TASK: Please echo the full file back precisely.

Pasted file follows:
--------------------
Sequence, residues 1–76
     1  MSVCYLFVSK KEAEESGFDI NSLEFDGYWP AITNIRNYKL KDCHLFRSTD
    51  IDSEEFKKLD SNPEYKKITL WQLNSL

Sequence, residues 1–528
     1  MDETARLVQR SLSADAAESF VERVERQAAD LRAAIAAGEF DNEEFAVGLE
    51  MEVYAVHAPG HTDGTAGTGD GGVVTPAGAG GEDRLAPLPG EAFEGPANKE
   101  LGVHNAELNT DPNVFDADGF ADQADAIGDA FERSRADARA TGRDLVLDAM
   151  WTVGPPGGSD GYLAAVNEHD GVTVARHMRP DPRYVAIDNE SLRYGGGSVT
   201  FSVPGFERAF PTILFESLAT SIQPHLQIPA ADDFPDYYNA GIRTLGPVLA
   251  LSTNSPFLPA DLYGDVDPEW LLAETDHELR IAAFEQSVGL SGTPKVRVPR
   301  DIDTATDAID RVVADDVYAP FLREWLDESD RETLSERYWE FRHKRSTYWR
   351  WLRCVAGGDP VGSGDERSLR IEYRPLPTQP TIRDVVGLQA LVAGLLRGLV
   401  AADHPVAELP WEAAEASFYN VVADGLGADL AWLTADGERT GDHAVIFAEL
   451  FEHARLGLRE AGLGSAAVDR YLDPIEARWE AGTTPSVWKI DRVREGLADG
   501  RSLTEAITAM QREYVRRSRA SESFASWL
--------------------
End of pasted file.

Sequence, residues 1–76
     1  MSVCYLFVSK KEAEESGFDI NSLEFDGYWP AITNIRNYKL KDCHLFRSTD
    51  IDSEEFKKLD SNPEYKKITL WQLNSL

Sequence, residues 1–528
     1  MDETARLVQR SLSADAAESF VERVERQAAD LRAAIAAGEF DNEEFAVGLE
    51  MEVYAVHAPG HTDGTAGTGD GGVVTPAGAG GEDRLAPLPG EAFEGPANKE
   101  LGVHNAELNT DPNVFDADGF ADQADAIGDA FERSRADARA TGRDLVLDAM
   151  WTVGPPGGSD GYLAAVNEHD GVTVARHMRP DPRYVAIDNE SLRYGGGSVT
   201  FSVPGFERAF PTILFESLAT SIQPHLQIPA ADDFPDYYNA GIRTLGPVLA
   251  LSTNSPFLPA DLYGDVDPEW LLAETDHELR IAAFEQSVGL SGTPKVRVPR
   301  DIDTATDAID RVVADDVYAP FLREWLDESD RETLSERYWE FRHKRSTYWR
   351  WLRCVAGGDP VGSGDERSLR IEYRPLPTQP TIRDVVGLQA LVAGLLRGLV
   401  AADHPVAELP WEAAEASFYN VVADGLGADL AWLTADGERT GDHAVIFAEL
   451  FEHARLGLRE AGLGSAAVDR YLDPIEARWE AGTTPSVWKI DRVREGLADG
   501  RSLTEAITAM QREYVRRSRA SESFASWL